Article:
“My Dear Wife”: Abishai Dickson’s Last Letter Home on His Way to Texas
One of the treasures in the library’s archival collections is an 1835 letter written by Abishai Dickson to his wife. Like Alamo defender Daniel William Cloud, Dickson wrote his letter in late December 1835 while in Louisiana on his way to Texas to join the struggle for independence.
Dickson was a member of the Alabama Red Rovers, a unit organized by Jack Shackelford and named for the red uniforms of its members. Joining James Fannin‘s regiment in Texas and participating in several engagements of the Texas Revolution, the Red Rovers surrendered to the Mexican army with the rest of Fannin’s force following the Battle of Coleto. Dickson, along with more than 300 others, was executed in the Goliad Massacre on March 27, 1836.
A transcription of the letter is included below. Please note that original punctuation and spelling has been maintained and remains uncorrected.
New Orleans 29th Decr 1835
My Dear Wife
We arrived here yesterday morning and having a good oppertunity of writing by Mr Sevier who goes up shortly: – We had a tedious time coming down. the Capt of the Steam Boat was sulkey & unaccomodating — but we had to bare with him — We are all still on board his boat and will remain until the vesel is ready to start — which will be day after to morrow — We have just heard from Texas the Americans have whiped the Spaniards and taken St Antonio & killed Genl. Coss & at this time there is not an armed Spaniard in Texas — The first 2 or 3 days after I started I was very sick Dr Shackleford gave me some medicine which operated very well Since that time I have fattened every day and I have now a better apetite than I have had for the last 12 months, the doctor is & has been like a Father to me ever since I started, the company agrees very well Francis has been quite sick for the last few days but is mending — I have met with several of my acquaintances here Mr Roper – Sevier – Gist. Cooper. B. McKernan & several others I have nothing more to write you at this time – I will write you again when I land in Texas – I am in hopes that we will all return Soon – I want you to write as soon as you get this and direct your letter to me at this place to the care of K & Roper who will take it out and send it me as also all letters that I may write they will forward them to you — Kiss all the dear children for me & tell Puss to kiss you 10 times for Pa — My Dear my lips have not been wet with spirits of any description since I left you & I do hope they never will again — & I think this trip will not only wean me entirely from it but will give me a new constitution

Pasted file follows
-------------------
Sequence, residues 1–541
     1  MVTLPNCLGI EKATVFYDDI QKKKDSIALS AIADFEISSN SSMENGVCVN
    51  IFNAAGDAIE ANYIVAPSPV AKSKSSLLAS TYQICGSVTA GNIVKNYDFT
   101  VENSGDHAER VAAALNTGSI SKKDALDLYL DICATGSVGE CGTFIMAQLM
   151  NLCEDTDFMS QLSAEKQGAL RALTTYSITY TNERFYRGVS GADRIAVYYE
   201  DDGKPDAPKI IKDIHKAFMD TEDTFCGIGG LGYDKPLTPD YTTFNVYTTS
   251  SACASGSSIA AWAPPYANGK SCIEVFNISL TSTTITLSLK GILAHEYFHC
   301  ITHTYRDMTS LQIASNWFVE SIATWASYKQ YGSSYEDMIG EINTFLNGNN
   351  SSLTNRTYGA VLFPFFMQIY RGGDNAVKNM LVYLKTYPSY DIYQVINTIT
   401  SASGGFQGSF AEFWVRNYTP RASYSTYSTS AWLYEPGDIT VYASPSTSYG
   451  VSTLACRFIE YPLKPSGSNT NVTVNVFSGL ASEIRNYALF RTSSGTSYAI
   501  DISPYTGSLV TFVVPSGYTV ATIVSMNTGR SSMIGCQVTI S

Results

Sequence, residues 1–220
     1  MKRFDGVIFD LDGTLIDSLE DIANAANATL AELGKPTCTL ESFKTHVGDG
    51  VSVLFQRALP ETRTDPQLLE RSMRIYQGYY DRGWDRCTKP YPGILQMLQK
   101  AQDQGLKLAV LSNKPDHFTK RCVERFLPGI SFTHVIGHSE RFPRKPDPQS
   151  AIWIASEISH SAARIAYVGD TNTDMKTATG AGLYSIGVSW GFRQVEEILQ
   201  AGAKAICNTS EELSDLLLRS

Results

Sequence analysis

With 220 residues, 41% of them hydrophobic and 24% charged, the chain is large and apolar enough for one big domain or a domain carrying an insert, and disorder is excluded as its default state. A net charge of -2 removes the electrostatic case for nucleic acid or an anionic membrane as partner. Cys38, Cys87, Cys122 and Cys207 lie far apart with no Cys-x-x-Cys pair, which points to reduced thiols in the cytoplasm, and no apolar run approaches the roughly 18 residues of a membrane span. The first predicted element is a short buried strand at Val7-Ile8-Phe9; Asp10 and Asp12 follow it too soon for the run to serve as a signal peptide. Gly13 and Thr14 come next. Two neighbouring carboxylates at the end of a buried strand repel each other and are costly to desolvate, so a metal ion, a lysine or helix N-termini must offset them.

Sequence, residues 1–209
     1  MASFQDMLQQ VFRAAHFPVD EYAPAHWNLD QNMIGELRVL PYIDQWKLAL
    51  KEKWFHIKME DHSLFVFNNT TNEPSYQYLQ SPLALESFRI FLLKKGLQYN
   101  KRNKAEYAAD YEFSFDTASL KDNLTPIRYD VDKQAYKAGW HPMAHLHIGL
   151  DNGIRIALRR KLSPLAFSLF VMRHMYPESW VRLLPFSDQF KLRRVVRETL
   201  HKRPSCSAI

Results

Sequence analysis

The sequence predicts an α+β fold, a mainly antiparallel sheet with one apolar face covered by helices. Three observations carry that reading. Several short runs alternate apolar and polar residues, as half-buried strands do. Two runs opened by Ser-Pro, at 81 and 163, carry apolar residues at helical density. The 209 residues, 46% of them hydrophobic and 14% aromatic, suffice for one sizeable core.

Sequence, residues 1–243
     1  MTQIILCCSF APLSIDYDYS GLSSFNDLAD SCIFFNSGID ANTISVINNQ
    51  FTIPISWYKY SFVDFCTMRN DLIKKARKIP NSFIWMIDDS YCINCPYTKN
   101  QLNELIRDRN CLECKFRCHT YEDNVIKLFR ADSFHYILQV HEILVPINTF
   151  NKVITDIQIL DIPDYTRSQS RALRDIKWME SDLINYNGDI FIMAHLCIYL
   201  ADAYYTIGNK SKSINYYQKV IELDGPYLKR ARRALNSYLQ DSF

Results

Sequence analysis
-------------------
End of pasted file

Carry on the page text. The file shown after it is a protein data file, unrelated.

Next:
I have some hopes yet of making a little fortune I feell more anxious than I ever did — dont fail to write and direct your as I have written it below — Give my love to all
I am Dear Wife your
We sail this morning on board of an armed schooner
Mr. Abishai Dickson
Care of Kirkman & Roper
According to genealogical materials in the library’s Dickson family papers, Abishai Mercer Dickson was born on January 19, 1803 at or near Reynoldsburg, Tennessee. He and his family – his father Michael Dickson (1777-1859), mother Sene Williams Dickson, and eleven siblings – were the first Anglo-American settlers in Tuscumbia, Alabama, a town in the northwestern part of the state near its borders with Mississippi and Tennessee.
Abishai Dickson married Ann Margaret Lucas (1809-1862) in 1825 in Franklin County, Alabama. The couple had four children: Louisa McIntosh (1826-1898), Eliza Josephine (1829-1843), Richard Hoge (1831-1931), and Ellen Edwards (1834-1840). In the twentieth century, descendants recorded Richard Hoge Dickson’s recollections, which he documented in 1911 at the age of eighty years old:
The first thing I can recall was riding in my Father’s lap down the Cumberland Mountains, going from Russellville to Tuscumbia, Alabama, where we lived. I must have been about fours years of age. I well remember when my Father joined the Red Rovers, under Dr. Shackelford, and started for Texas, to aid her in getting her independence. They were all dressed in red suits and were called Red Rovers. When Mother made Father’s suit I recollect how she cried. When they started to Texas they were all dressed in their red uniforms and passed close by the house where he bid us all Goodbye. It was a crying time for us all. My mother took her children and went to Grandpa Lucas’s to live, till Father came back – but he never came. One morning I was awakened by my mother crying over me in my bed, and calling me her ‘orphan boy.’ She told me my Father was killed.
Ironically, it was in death that Abishai Dickson found the “little fortune” he sought in Texas, as his widow received a 640-acre donation land grant due to his execution at Goliad. Ann Margaret later married John Sutherland, who claimed to have been at the Alamo garrison before its fall.
For Further Reading:
The San Jacinto Monument and Museum near Houston, Texas, has several items relating to Abishai Dickson and his family. The site’s Herzstein Library has a collection of archival materials relating to the Dickson family; a finding aid, or guide to the collection, is available online. The museum also has a portrait of Abishai Dickson, which can be viewed on its website.
The Sons of DeWitt Colony Texas provide detailed information about the Goliad Massacre, which is published on the website of Texas A & M University. Included is an account of the event written by Jack Shackelford, who was spared due to his skills as a doctor.
The John W. Lilly Family Papers at the DRT Library also contain archival materials relating to the Dickson family; an online finding aid to the collection is available.